- U.S. businesses employing H-2B workers must certify to the government that they won’t violate U.S. laws. But they routinely do. Unscrupulous businesses force H-2B workers into debt to pay for jobs, commit wage theft, discriminate, compel people to work in unsafe conditions, and retaliate against workers who dare to speak out about abuses. (You can read more about these abuses in CDM’s investigative reports on the H-2B program and our lawsuits.)
Does the H-2B program protect workers at all?
The government often touts the H-2B work visa program as a win-win-win for businesses, internationally recruited workers, and governments. The story goes like this: U.S. businesses need workers, and workers from Mexico and other countries need jobs. The H-2B program gives the U.S. government a tool to manage migration by issuing workers temporary visas for jobs without a path to citizenship. But this story ignores that the H-2B program’s structure enables employers to violate workers’ rights. If workers speak out about abuses, they risk losing their jobs, visas, and authorization to work in the United States. Current program regulations make it nearly impossible for workers to leave an abusive employer and get a new H-2 job.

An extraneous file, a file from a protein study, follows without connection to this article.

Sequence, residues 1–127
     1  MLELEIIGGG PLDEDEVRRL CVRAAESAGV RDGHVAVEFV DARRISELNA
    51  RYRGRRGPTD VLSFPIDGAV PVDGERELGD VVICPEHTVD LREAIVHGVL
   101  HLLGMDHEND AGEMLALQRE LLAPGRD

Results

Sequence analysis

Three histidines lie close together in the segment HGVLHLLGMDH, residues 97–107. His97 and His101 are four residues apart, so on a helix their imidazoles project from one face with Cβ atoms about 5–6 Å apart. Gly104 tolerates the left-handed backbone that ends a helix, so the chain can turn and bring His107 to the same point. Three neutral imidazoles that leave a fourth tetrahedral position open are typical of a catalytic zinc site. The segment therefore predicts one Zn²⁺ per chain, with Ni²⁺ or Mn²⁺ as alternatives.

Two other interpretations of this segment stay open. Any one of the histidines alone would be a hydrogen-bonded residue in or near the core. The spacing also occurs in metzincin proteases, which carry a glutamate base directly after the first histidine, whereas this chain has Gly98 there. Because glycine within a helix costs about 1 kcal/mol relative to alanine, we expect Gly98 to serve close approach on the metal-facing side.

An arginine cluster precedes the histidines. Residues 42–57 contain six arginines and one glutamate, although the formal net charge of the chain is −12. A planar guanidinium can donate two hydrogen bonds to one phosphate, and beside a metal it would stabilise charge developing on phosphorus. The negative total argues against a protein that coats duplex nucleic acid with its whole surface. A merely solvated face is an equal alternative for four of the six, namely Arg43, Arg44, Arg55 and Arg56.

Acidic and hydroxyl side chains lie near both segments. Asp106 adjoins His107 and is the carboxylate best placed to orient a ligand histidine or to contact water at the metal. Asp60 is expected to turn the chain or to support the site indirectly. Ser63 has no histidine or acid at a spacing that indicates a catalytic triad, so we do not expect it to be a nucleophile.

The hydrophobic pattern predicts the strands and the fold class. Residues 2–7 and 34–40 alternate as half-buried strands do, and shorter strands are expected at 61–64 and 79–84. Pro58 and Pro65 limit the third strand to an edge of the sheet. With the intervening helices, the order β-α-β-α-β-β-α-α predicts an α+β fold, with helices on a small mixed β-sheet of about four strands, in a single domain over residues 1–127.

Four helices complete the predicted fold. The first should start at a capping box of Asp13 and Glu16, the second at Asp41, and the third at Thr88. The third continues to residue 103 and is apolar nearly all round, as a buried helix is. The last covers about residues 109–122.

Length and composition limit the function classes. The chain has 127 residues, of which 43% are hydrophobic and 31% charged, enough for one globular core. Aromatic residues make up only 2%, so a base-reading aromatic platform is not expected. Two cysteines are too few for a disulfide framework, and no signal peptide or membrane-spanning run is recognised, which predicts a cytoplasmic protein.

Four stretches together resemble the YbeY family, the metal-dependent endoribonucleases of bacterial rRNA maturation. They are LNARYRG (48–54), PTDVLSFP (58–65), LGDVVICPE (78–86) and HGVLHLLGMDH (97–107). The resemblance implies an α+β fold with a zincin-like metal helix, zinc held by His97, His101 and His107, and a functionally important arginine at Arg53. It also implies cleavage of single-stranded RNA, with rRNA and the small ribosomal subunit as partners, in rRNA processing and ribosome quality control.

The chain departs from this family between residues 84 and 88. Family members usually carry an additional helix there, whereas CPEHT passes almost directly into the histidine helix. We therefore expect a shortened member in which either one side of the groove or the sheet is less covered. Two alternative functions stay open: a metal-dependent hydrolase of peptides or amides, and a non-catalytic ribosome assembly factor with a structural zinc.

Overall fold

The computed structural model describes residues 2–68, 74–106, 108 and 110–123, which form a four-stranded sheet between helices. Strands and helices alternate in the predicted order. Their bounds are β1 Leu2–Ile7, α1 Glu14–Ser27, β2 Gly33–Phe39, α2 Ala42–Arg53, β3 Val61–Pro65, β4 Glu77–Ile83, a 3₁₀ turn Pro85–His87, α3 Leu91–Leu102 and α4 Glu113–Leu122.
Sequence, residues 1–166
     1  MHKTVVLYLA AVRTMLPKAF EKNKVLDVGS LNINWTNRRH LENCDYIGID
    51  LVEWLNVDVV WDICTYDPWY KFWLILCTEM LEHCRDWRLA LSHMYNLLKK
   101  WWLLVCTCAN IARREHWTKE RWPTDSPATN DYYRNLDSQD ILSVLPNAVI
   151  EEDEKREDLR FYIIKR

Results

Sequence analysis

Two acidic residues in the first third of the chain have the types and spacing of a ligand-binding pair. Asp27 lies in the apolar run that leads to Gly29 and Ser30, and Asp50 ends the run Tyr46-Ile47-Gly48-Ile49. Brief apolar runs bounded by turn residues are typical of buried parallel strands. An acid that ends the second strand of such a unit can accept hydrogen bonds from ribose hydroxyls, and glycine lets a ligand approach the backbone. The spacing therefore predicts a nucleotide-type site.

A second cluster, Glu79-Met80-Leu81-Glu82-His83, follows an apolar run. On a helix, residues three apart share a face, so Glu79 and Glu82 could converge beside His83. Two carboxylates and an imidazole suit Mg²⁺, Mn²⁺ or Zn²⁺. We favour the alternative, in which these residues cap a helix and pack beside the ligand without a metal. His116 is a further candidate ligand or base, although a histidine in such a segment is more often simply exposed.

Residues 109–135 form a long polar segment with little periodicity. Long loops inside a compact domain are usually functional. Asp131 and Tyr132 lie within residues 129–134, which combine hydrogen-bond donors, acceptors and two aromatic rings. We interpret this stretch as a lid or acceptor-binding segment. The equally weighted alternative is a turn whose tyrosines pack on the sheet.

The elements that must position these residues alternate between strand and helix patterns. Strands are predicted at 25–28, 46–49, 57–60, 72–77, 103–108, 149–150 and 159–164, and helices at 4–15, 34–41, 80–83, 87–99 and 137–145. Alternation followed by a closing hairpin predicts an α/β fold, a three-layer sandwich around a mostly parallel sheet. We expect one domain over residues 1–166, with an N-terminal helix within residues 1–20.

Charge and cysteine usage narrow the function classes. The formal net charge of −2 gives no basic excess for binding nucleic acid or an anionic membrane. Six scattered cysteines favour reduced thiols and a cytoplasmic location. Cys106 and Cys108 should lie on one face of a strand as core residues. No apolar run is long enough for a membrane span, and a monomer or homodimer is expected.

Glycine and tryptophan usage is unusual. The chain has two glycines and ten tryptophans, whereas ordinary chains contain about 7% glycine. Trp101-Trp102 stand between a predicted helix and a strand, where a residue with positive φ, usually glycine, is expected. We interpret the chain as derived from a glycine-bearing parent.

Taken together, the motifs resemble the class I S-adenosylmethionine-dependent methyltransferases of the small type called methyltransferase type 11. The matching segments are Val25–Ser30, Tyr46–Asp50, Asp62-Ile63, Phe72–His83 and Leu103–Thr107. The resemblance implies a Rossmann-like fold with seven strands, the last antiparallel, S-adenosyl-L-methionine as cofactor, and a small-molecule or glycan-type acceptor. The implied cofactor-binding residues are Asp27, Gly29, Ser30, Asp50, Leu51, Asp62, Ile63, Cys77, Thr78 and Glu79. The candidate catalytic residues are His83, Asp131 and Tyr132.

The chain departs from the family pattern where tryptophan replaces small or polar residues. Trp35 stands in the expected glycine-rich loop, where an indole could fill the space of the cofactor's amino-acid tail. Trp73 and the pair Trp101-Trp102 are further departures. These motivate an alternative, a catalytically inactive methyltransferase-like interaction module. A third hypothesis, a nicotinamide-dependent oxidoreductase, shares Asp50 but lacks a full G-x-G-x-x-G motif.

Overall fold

When is DHS issuing the newly announced 64K+ supplemental visas?
DHS is issuing the supplemental H-2B visas now, at the beginning of the fiscal year. (The federal government’s fiscal year began on Oct. 1, 2022.)
Why is DHS issuing these visas now?
In an earlier announcement about the TFR, DHS said it needs to issue the visas now “to meet the needs of American businesses” that are demanding workers. We’ve all seen the signs in businesses’ windows with anti-worker messages like, “nobody wants to work anymore.” While we recognize that inflation is high and unemployment is relatively low, it’s critical to understand that corporate profits have soared, and the federal minimum wage hasn’t budged since 2009! Too often, we see U.S. businesses paying below-market wages to H-2B workers—sometimes wages that only amount to a few dollars an hour. So if businesses are clamoring for more H-2B visas, they must pay better wages.
Remind me again: who will get the visas?